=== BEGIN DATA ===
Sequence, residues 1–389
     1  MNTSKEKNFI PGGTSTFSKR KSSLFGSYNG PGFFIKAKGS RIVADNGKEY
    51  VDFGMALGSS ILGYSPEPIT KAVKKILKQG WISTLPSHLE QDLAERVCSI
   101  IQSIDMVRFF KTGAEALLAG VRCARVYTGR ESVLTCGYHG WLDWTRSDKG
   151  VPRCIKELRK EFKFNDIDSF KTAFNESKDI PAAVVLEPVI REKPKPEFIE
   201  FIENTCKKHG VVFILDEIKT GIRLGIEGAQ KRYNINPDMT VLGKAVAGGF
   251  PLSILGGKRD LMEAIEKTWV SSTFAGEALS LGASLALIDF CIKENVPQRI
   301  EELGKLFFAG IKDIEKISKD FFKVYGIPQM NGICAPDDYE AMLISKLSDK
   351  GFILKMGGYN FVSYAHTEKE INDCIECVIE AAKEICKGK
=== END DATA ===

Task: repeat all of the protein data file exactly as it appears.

Sequence, residues 1–389
     1  MNTSKEKNFI PGGTSTFSKR KSSLFGSYNG PGFFIKAKGS RIVADNGKEY
    51  VDFGMALGSS ILGYSPEPIT KAVKKILKQG WISTLPSHLE QDLAERVCSI
   101  IQSIDMVRFF KTGAEALLAG VRCARVYTGR ESVLTCGYHG WLDWTRSDKG
   151  VPRCIKELRK EFKFNDIDSF KTAFNESKDI PAAVVLEPVI REKPKPEFIE
   201  FIENTCKKHG VVFILDEIKT GIRLGIEGAQ KRYNINPDMT VLGKAVAGGF
   251  PLSILGGKRD LMEAIEKTWV SSTFAGEALS LGASLALIDF CIKENVPQRI
   301  EELGKLFFAG IKDIEKISKD FFKVYGIPQM NGICAPDDYE AMLISKLSDK
   351  GFILKMGGYN FVSYAHTEKE INDCIECVIE AAKEICKGK